BJ64 Minister of Fire

    Joined:
    Jul 24, 2008
    Messages:
    608
    Loc:
    NE Oklahoma
    As you can see mine is put in quite similar. My daughter Samantha likes to see her picture here at "wood pile.com" and she is pointing out how my sensor wires were put in.

    Attached Files:

  17. BJ64

    BJ64 Minister of Fire

    Joined:
    Jul 24, 2008
    Messages:
    608
    Loc:
    NE Oklahoma
    Hi Woodburn

    I have seen similar reports of short burn times with the Leyden in the hearth.com stove reviews. I did ask the dealer about that issue and he reported that there was a problem identified with the older models and there was a fix included on mine.

    The bypass baffle had a problem of creeping open which would shorten the burn time. Perhaps this could also lower the stove top temps as you have observed since the heat would be escaping out the top past the open baffle. Somebody with knowledge about this will have to tell us. Anyhow; Travis did rig a fix for the matter.

    The pictures of red and black stoves are of early model Leydens found on the showroom floor in October, 2006. Note that on the left hand side of the stoves' rear heat shields there is no device visible in the area above the baffle closing level. For the benefit of other readers the baffle closing lever is not visible in the 2006 pictures but it is located on the left side near the back.

    The other picture is of my daughter Samantha pointing out the new baffle closing lever lock device on my stove. My stove was built in September, 2007 according to the tag found on the back. The locking device is clearly visible from the front of the stove.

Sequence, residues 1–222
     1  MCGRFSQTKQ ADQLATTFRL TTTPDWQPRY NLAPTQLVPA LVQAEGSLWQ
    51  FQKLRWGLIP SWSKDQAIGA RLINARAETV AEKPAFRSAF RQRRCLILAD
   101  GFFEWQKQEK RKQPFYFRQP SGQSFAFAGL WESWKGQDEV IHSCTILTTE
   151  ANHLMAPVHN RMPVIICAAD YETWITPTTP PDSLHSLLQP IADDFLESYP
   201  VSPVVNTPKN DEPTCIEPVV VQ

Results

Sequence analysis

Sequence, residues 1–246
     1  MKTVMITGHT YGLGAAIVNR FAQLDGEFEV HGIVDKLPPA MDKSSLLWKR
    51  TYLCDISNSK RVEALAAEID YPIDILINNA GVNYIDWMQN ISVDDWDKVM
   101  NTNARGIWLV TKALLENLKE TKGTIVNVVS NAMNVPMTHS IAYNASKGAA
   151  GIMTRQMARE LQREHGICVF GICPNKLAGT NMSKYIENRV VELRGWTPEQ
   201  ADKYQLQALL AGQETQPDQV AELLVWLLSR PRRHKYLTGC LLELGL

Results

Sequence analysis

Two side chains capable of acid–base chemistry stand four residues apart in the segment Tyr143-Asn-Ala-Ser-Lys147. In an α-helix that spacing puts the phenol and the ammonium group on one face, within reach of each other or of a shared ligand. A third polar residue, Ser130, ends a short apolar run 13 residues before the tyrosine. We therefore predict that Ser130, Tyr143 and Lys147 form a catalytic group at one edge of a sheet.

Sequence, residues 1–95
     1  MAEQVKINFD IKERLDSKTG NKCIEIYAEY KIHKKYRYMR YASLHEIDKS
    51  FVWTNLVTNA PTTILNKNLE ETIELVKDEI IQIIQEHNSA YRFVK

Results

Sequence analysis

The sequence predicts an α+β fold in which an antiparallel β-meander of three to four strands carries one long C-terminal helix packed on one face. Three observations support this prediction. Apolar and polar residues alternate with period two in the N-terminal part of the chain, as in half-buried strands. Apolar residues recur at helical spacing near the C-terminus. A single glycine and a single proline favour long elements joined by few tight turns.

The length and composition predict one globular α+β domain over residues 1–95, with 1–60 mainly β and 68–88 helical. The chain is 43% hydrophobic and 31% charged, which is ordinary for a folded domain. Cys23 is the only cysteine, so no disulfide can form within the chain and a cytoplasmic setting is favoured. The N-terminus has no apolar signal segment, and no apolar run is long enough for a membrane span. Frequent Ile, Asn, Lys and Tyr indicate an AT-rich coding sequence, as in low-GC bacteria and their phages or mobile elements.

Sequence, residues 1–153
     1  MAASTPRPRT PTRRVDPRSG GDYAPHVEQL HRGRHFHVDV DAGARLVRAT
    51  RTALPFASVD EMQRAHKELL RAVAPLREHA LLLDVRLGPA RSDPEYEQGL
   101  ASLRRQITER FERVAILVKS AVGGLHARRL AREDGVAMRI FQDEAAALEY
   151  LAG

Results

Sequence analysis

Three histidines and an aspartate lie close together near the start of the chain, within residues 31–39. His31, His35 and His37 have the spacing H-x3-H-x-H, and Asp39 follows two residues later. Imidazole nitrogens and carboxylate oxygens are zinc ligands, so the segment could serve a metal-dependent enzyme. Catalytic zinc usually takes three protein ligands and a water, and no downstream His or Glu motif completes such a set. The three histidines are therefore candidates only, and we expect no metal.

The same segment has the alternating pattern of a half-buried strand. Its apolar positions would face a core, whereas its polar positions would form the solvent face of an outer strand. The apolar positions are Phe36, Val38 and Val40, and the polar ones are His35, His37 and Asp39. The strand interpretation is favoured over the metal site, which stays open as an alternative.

I would hope that this locking device would be available to all early model Leyden and Arbor owners. I think this would be worth bugging your dealer about.

    Attached Files:

  18. woodburn

    woodburn Member

    Joined:
    Oct 26, 2007
    Messages:
    221
    Loc:
    Long Island, New York
    That is great to know about that lever lock. Thanks for sharing. Thankfully, my bypass has never popped open. My stove was manufactured in August of '07, a month before yours. I remember reading the reviews before buying, and I knew the bypass could be a problem, so I asked my dealer. He told me they had corrected the problem, but mine doesn't have that locking device like yours. Maybe they made a correction to the correction. I have to check to see if the new Arbors have that same mechanism shown on your Leyden. Anyway, since my bypass has never opened, that's not the culprit for the poor burntimes. Let me know how your burntimes go. Don't hesitate to PM me about these things. I am curious about how other Leyden/Arbor owners feel about their stoves.
  19. dmj718

    dmj718 New Member

    Joined:
    Nov 27, 2008
    Messages:
    3
    Loc:
    Pacific NW